WIDC has recently completed a housing project through the Investment Collaboration on Neighborhoods (ICON) loan program, an initiative from Citizens Energy Group that makes low-interest loans available to nonprofits and CDCs to facilitate such development projects. The program is designed to help CDCs access the financing they need to undertake important projects that might otherwise be too costly or too difficult to finance through traditional channels.

Laflin and the WIDC team purchased a home in The Valley neighborhood originally built by Habitat for Humanity but which had since undergone foreclosure. Despite being in a flood plain and thus ineligible for certain federal loan programs, WIDC secured a $100,000 loan from ICON to rehab the home and make it available as affordable housing with a 20-year deed restriction.

According to Laflin, the loan process, which took less than half an hour to complete, was the easiest she had ever experienced and faster to process than federal funding, even as WIDC follows federal guidelines on requiring multiple bids for comparison.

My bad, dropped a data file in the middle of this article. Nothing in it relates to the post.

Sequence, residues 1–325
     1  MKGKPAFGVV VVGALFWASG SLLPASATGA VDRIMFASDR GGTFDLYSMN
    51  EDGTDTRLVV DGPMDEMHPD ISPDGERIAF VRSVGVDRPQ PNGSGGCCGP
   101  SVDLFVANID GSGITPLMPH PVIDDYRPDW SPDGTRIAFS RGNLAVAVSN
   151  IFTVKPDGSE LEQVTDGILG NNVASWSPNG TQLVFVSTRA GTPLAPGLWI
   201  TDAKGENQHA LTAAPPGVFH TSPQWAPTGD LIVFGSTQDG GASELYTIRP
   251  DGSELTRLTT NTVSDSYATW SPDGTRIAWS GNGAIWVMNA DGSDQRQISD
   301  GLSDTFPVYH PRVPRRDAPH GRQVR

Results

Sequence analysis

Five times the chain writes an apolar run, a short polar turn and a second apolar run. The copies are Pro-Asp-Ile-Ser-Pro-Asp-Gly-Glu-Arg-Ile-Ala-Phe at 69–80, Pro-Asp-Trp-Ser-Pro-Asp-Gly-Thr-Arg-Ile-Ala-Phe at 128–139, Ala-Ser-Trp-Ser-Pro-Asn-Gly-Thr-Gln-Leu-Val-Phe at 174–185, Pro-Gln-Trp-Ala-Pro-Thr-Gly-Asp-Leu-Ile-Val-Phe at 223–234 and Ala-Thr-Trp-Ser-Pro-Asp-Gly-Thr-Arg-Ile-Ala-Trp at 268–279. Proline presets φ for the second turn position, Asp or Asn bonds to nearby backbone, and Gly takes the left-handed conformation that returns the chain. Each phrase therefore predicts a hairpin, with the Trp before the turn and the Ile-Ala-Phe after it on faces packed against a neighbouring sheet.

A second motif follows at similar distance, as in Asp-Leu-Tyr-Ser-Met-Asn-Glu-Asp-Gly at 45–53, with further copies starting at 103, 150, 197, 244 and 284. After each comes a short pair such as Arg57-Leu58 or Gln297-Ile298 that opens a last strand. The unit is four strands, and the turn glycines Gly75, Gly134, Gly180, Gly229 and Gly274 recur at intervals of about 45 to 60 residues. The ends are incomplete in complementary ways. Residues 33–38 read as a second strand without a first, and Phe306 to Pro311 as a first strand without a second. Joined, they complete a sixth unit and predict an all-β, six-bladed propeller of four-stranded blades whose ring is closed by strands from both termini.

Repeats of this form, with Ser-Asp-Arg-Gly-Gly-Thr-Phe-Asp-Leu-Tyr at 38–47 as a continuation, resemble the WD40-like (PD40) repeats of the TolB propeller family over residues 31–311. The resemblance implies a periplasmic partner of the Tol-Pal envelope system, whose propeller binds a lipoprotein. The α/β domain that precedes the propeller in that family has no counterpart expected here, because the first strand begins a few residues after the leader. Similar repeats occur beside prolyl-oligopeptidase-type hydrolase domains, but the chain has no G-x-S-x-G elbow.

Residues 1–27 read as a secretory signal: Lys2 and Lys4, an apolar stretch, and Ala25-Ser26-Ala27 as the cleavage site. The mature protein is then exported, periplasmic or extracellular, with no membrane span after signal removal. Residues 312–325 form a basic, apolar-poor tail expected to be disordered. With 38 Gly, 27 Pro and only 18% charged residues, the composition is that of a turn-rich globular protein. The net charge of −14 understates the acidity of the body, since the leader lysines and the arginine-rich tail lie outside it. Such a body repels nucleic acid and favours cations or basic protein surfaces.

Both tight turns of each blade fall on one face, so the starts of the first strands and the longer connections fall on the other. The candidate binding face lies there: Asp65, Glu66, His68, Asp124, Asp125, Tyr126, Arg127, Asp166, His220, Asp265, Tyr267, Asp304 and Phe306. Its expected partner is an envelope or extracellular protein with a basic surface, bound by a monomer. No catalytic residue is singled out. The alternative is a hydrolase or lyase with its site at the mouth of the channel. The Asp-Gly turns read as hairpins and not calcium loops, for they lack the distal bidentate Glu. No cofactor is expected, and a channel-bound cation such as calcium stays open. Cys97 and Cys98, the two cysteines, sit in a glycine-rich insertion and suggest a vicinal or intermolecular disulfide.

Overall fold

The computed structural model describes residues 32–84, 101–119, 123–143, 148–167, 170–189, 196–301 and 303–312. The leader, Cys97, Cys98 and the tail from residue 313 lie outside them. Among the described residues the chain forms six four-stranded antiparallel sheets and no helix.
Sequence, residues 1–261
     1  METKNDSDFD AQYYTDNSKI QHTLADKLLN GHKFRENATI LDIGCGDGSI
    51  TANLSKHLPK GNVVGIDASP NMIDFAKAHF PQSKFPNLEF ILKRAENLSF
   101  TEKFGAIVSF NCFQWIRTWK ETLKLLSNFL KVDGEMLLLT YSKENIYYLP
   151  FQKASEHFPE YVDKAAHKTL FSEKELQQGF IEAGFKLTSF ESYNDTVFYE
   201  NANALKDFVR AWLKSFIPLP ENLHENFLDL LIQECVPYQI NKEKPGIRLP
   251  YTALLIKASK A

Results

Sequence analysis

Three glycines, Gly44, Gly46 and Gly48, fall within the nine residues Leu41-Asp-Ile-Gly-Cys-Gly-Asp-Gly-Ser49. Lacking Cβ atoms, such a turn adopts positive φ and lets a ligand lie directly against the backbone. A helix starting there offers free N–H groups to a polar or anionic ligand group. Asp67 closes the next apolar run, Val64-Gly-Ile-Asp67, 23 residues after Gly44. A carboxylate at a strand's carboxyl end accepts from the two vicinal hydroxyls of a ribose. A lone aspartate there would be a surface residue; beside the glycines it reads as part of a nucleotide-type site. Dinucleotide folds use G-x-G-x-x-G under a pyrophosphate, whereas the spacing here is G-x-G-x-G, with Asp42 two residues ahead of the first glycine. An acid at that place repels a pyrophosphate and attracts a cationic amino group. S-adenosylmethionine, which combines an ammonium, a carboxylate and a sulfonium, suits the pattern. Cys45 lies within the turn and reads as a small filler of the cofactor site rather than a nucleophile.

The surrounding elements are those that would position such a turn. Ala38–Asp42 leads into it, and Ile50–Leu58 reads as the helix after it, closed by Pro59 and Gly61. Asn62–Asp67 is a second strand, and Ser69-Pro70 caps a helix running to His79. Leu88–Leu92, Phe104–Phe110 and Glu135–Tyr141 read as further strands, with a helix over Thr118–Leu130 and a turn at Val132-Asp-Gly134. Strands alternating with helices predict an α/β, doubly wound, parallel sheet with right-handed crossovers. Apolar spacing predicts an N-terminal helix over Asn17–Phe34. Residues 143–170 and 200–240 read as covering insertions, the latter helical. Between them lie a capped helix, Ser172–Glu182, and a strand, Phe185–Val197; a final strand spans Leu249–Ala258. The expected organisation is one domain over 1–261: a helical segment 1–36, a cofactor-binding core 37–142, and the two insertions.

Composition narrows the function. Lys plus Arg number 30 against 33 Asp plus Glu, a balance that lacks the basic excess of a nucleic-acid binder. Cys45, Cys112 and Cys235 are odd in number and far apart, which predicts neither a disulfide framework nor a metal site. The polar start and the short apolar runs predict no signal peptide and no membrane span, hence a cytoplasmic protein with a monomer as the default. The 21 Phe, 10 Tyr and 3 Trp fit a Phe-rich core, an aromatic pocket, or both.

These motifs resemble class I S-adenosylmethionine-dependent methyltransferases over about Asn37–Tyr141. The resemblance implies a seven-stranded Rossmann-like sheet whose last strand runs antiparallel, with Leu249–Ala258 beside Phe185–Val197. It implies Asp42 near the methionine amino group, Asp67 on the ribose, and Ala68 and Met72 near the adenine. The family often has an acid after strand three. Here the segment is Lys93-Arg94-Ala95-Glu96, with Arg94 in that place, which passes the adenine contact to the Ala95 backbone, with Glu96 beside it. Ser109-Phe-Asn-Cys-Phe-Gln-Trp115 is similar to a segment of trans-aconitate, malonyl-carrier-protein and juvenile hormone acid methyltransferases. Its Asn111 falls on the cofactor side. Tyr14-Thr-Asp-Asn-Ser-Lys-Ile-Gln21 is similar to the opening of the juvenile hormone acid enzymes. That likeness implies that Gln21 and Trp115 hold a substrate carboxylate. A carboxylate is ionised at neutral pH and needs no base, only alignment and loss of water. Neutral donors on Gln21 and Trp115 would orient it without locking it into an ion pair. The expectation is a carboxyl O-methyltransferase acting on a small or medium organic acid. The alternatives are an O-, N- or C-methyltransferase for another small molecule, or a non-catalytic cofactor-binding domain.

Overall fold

Re-released Where are you headed with your DEIA efforts? In this conversation with Shari Finnell, GangGang co-founder Mali Jeffers challenges us to start putting some wheels on equity initiatives. Mali also talks about why she and co-founder, Alan Bacon, thought the time was right to start a nonprofit in the middle of a pandemic.  Listen
Indianapolis Cultural Trail Inc. has hired Amy Marisavljevic as director of planning and public programs. Marisavljevic previously was the Next Level trails program director for the Indiana Department of Natural Resources.
Indianapolis Cultural Trail Inc. has hired Riley Hill-Kartel as director of advancement. Hill-Kartel previously was the corporate giving officer at Newfields.
Nina Mason Pulliam Charitable Trust has hired Yecenia Tostado as senior program officer in Indianapolis. Tostado previously was the first executive director of Project Azul.
Little Red Door Cancer Agency has named Pam Melady as a client services representative. Melady previously was the manager of gift processing at Riley Children’s Foundation.
Little Red Door Cancer Agency has hired Brittany Austera as a client services representative. Austera previously was a customer service representative for Navient/Maximus.
Little Red Door Cancer Agency has hired Ginger Summers as a development manager. Summers previously was the project coordinator at Isaiah 117 House in Boone County.